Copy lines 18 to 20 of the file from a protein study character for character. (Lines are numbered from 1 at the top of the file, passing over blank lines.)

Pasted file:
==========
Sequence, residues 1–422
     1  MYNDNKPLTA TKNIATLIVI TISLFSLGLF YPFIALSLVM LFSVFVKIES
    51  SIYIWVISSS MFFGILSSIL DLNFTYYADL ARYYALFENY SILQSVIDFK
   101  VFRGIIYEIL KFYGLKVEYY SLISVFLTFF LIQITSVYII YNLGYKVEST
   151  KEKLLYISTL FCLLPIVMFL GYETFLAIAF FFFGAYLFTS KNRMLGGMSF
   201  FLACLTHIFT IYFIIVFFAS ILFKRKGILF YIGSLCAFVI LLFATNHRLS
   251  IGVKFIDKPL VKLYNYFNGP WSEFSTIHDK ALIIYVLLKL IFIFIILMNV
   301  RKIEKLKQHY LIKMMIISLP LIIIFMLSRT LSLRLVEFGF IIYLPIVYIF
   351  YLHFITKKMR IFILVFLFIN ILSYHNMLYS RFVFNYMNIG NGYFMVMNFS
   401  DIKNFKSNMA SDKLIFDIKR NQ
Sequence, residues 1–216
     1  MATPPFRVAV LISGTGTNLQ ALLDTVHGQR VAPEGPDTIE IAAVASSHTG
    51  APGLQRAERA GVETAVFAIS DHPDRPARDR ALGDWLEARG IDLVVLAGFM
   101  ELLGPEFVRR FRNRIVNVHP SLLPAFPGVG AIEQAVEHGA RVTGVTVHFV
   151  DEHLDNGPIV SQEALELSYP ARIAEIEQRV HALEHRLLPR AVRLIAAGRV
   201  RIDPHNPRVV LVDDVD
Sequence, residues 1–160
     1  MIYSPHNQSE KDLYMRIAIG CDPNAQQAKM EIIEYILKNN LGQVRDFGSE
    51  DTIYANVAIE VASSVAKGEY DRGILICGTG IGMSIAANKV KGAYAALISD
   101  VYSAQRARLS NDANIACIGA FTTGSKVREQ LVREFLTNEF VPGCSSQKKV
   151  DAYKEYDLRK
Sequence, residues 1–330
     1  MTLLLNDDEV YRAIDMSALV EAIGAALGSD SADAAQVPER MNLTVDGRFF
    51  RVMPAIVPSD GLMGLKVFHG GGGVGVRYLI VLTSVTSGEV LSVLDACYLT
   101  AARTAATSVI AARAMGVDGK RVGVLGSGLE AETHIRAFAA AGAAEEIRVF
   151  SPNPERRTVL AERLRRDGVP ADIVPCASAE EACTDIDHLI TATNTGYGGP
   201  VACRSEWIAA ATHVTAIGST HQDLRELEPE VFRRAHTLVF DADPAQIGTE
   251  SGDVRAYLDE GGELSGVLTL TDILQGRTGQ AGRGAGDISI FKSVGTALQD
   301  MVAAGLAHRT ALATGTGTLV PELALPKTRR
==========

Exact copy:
     1  MIYSPHNQSE KDLYMRIAIG CDPNAQQAKM EIIEYILKNN LGQVRDFGSE
    51  DTIYANVAIE VASSVAKGEY DRGILICGTG IGMSIAANKV KGAYAALISD
   101  VYSAQRARLS NDANIACIGA FTTGSKVREQ LVREFLTNEF VPGCSSQKKV